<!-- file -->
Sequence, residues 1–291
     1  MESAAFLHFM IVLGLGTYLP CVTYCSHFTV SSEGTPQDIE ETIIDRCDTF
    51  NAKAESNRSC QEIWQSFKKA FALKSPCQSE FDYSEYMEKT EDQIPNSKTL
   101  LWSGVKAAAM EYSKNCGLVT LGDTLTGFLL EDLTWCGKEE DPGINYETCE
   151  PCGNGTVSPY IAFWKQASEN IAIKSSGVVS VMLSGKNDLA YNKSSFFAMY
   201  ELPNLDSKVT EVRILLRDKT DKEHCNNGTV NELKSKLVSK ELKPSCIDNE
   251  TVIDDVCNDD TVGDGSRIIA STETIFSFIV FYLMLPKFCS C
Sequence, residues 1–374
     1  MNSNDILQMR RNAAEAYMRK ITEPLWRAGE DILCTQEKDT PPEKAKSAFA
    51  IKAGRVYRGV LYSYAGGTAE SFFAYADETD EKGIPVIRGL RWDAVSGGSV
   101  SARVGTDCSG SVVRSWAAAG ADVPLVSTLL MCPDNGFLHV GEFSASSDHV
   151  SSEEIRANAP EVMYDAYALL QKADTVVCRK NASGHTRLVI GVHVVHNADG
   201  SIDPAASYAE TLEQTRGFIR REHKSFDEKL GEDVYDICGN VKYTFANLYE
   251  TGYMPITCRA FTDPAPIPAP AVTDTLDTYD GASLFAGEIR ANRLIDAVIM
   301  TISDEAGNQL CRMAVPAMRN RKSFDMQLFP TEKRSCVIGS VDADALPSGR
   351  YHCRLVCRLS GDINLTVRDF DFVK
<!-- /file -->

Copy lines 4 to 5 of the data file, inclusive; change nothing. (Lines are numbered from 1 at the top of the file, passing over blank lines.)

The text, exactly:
   101  LWSGVKAAAM EYSKNCGLVT LGDTLTGFLL EDLTWCGKEE DPGINYETCE
   151  PCGNGTVSPY IAFWKQASEN IAIKSSGVVS VMLSGKNDLA YNKSSFFAMY